SuSE Aims to Improve 6.0 With Public Beta
Dec 06, 1998, 00:00 (1 Talkback[s])
Desktop-as-a-Service Designed for Any Cloud ? Nutanix Frame
by Dwight Johnson for Linux Today
On December 3, SuSE issued a
announcing a public beta testing program for SuSE's 6.0
release. Below, in an exclusive interview with Linux Today,
Bodo Bauer, Technical Supervisor
of SuSE U.S. Operations, tells Linux Today readers more about the
SuSE 6.0 beta program.
Linux Today: Thanks for being willing to answer some
questions about the SuSE Linux public beta program announced
December 3. Can you tell us anything further about the SuSE public
beta program? Had you already implemented a public beta program
with your German release?
Bodo Bauer: It's actually a beta of both versions, but it's
primary target is the international audience. It's our very first
public beta release of SuSE Linux. We used to make (and still do)
closed beta releases, with a selected number of volunteers in
germany. They get early snapshot CDs of our internal development
tree, usually four to six weeks before we release the official
version. We have had very good results from this kind of beta
testing in Germany. But, as we are targetting a much more
international audience with our 6.0 release, we felt the need for a
wider spectrum of testers. Bugs that appear only when you select a
language other than German are likely not to be found if you have
only native German speakers testing the distribution. Shipping CDs
seemed not practical, as the turnaround times would be too long. It
is not unusual to send CDs every other day to the group of German
beta testers, so the CD would be useless before it reached the
tester. This, and the highly increased connectivity of our FTP
site, were the reasons to do a public beta test with 6.0.
We have learned from our past mistakes that stupid bugs, which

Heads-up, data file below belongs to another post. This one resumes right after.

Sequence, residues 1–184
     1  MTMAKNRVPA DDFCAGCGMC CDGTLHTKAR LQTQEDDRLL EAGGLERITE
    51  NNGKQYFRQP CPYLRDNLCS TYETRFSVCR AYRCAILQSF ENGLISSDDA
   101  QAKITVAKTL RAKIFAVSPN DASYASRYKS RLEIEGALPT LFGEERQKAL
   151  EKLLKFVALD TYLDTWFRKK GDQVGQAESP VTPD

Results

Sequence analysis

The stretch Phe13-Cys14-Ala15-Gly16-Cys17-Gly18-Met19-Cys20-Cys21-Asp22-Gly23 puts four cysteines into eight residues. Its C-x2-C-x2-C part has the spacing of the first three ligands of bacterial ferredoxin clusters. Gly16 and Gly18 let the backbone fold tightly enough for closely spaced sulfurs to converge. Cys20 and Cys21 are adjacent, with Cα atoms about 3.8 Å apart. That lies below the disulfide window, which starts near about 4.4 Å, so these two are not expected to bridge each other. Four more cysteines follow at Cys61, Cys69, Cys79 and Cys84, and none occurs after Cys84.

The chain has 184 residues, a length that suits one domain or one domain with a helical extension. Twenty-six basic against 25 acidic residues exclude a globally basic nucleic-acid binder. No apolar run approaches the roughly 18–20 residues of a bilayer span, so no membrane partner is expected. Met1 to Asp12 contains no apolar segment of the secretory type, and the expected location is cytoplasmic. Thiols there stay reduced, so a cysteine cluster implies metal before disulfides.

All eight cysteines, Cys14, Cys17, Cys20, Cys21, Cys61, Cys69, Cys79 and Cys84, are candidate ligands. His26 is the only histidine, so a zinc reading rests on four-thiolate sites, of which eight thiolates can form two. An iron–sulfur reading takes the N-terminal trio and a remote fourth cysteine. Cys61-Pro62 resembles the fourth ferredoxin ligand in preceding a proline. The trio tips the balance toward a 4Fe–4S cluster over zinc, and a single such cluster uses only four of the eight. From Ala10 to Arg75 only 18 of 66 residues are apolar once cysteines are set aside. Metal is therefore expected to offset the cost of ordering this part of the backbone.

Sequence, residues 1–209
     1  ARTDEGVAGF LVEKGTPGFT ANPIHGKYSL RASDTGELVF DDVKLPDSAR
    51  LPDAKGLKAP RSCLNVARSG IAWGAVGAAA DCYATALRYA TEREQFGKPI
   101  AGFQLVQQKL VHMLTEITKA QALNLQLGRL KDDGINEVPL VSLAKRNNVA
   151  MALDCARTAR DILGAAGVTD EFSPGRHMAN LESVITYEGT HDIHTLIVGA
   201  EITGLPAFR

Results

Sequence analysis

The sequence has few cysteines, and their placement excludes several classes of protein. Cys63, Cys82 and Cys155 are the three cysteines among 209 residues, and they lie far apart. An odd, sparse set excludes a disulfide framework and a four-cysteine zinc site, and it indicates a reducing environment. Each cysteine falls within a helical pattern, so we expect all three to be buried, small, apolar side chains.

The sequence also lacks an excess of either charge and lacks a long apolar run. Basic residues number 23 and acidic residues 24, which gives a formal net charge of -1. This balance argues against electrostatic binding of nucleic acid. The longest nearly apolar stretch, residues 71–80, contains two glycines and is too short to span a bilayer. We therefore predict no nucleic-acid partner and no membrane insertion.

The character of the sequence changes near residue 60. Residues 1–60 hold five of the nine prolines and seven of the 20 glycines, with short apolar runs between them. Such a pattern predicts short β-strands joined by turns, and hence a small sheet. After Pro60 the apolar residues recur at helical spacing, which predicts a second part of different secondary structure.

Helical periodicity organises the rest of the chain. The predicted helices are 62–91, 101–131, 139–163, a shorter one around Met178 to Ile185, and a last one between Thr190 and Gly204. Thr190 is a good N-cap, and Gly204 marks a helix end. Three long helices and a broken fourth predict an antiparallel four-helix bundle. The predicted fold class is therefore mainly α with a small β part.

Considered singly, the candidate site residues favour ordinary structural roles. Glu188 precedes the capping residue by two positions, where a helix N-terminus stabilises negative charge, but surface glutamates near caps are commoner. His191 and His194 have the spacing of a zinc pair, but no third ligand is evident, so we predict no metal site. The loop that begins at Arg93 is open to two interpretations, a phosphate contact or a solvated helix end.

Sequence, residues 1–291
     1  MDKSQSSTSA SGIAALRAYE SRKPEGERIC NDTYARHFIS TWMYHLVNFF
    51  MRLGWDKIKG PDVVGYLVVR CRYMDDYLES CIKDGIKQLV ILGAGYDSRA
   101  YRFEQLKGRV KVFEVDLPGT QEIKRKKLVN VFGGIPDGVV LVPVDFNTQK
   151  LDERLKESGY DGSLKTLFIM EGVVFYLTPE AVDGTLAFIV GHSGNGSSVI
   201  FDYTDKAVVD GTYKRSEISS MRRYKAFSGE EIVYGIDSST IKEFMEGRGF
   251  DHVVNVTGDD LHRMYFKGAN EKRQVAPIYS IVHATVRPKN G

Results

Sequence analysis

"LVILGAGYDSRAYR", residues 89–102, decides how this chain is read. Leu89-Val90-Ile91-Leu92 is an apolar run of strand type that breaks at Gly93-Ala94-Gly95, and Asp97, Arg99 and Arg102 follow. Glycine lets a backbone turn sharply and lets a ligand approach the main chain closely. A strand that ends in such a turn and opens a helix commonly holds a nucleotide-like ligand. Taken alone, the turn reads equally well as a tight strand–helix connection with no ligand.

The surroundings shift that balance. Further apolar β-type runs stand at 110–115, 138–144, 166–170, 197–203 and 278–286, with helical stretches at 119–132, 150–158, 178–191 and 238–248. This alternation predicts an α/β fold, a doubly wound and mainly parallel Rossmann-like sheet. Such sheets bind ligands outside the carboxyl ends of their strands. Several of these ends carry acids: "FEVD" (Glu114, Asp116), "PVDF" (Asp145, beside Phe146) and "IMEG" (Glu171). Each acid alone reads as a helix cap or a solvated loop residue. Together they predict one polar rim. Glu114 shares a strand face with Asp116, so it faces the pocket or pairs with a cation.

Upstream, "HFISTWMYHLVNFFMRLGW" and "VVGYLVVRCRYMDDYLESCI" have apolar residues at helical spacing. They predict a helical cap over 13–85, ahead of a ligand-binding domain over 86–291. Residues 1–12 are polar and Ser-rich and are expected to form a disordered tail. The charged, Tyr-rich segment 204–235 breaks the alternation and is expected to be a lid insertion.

passed the beta test (because they were in the English part of
YaST, for example), delayed shipping the product, or even forced us
to ship replacement CDs, as was the case with the first release of
SuSE Linux 5.3.
We hope to increase the quality of our distribution by giving
everybody the chance to have a look at it before it is released. We
highly appreciate everybody who spends time helping us to find bugs
and fix them.
Linux Today: The German SuSE
web site says the 6.0 German version will ship December 21. Can
that be accurate when SuSE is still getting bugs out of the beta on
Bodo Bauer: This public beta is in addition to the internal beta
program which started some time before we made the 6.0 beta
available on our FTP server. The public 6.0 beta is quite stable
already and we don't expect to have major bugs to fix. Most of the
bugs found at this point will be minor things, which can be fixed
The Linux business requires acting within a very fast-changing
environment. Nobody can afford to have long periods of beta
testing. If you take three months for testing, the distribution
will be already outdated when it reaches the customer. SuSE is
known for it's reliable and stable distribution and we do
everything to keep it that way. If it should be the case that
somebody finds a major flaw in the current beta, we will delay
shipment. However, nobody at SuSE expects this to happen.
Linux Today: The instructions in the SuSE public beta press